Being a father of four children, while perhaps not as hard a job as being a mother of four, is in itself a whole other world unto itself. I may be holding the office of Captain Obvious writing a sentence like the previous, but when I think about it, it sounds as if I’m dusting off some ancient relic within the labyrinth of some Central American pyramid like a domestically responsible Indiana Jones. Placing this in perspective, when I was an unmarried rogue of a bachelor I had as much free time as I had time off from work. The weekends and the hours after work days were totally free. Looking back, I had zero responsibility. The revelatory thing about taking an introspective look back is I practically did nothing remarkable.
I wasn’t a swashbuckling, hunk of a ladies’ man, taking girls out on the town in my two-tone ’83 Toyota four cylinder pickup. I was a 19 year old tire retreader in Auburn, Washington, I drank percolated Yuban coffee at home and hung out at Starbucks or Sherri’s 24 hour diner depending on my mood, and I had a library card- which I used frequently. My wardrobe consisted of whatever I found at the St. Vincent de Paul or Salvation Army thrift store. I was pretty much a loner outside work. I had a 4×4 but I never trekked off road, never went mountain climbing or hunted or fished. I was semi-nomadic on the weekends, talking long walks in the Orting Valley or into Sumner.
I usually had a moleskine notebook tucked in my shirt pocket and a Pilot gel ink pen packed away too. Fancied myself a lone, blue coller writer type who only actually had a couple of free lance pieces published in the Puyallup Herald. I think with both stories combined I made $100. I was living the dream.
By no means am I giving you, dear potential reader, the complete picture; also, I am not implying I actually had this deeper layer of mystique, to quote Shrek, “like an onion” or “parfait”. Not to downplay whatever segment of my life at that time was, but as I look back now, I could have done some dang cool things with my time. I could have fished for salmon in Alaska, fought grizzlies, or fought grizzlies trying to fish for salmon in Alaska. Or I could have worked on an off-shore oil rig thwarting the evil schemes of hostile Greenpeace activists on charter boats- with a squirt bottle. Alas, those things never came to fruition. The best was yet to come.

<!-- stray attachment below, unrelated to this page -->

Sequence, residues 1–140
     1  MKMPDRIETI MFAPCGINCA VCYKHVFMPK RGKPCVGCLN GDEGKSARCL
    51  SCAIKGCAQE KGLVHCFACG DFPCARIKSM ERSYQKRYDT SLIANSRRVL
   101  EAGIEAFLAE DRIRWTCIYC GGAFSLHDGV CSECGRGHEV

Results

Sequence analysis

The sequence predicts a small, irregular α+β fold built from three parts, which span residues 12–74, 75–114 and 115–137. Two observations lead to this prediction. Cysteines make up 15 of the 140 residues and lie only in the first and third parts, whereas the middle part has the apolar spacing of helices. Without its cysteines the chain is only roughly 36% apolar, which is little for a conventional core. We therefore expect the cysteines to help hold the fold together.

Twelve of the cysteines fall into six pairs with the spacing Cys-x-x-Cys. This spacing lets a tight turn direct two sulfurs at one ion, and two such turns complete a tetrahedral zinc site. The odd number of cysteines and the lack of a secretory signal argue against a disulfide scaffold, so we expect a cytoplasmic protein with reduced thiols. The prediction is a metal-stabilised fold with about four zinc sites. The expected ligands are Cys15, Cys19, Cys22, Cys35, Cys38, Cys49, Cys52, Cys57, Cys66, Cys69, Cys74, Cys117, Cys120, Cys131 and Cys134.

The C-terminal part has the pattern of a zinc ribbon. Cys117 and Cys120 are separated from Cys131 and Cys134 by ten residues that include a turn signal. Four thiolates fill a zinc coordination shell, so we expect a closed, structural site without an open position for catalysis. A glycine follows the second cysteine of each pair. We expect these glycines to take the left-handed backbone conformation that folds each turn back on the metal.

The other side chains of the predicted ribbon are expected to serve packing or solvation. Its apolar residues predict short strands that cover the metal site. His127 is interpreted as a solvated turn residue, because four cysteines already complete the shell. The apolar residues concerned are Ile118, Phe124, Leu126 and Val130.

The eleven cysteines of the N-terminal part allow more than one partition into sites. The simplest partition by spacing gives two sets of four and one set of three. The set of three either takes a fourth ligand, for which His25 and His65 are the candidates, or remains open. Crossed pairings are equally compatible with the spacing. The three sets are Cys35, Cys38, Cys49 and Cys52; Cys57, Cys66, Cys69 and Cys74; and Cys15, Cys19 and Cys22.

A couple of weeks ago, my wife, kids and I went up Lamoille Canyon in the Ruby Mountains, which are only fifteen miles away from our house, to check on the snow melt and when we might be able to start hiking. We drove about eleven miles in, almost to the end of the road and the trail head, when we hit the snow drift which indicated we wouldn’t be doing much hiking until the middle of July. There were two pickups parked at the snow drift and two men standing out in the sun chatting. I went up to introduce myself and the three of us started discussing the snow melt and trail conditions. One of the fellows was a white-haired old bloke, wearing minimalist hiking apparel-leather boots, khaki pants, long sleeve shirt and a round brim hat. The other was a younger, trendier man, maybe in his mid-thirties, and obviously single. Now, that is an odd thing to say for sure, but any married man with children knows what I mean when I say “obviously single”. If not, let me explain.
There are men out there, like me, who are happily married to a great woman, have a family, and know they’re blessed. Then there are other guys out there, single, and enjoying their singledom to the utmost. They are freewheelin’ types with a good job to support all their swashbuckling adventures. Depending on their context, they may have a muscle car, a nice apartment near a beach and surf a lot, or in this case, a good job and plenty of opportunity to cross country ski, can afford all the trendy, expensive hiking gear but choose to hike the entire Ruby Crest Trail like spartan, with a knife, ceramic pot and a staff made of mountain mahogany. Basically, the guys who are “obviously single” enjoy their freedom, blazing trails before the dad type can get all of his small children out of the family eight passenger car.
I love my family, and honestly, I do not envy those cool, lone wolf guys at all. But that doesn’t mean I won’t live vicariously through their awesome experiences when listening to them talk about reaching the summit of K2 in the Himalayas or Alaska’s Denali. My contentment in my marriage and family also doesn’t mean that I don’t sometimes feel sick hearing them talk of all their coolish exploits. I grumble a little. But I rest knowing the lot I have been given is so very good! I try to revel in coming home at the end of a crazy day to the loud noises of my four children and the wife who loves me and also hands me a baby who needs his diaper changed. An epic diaper change.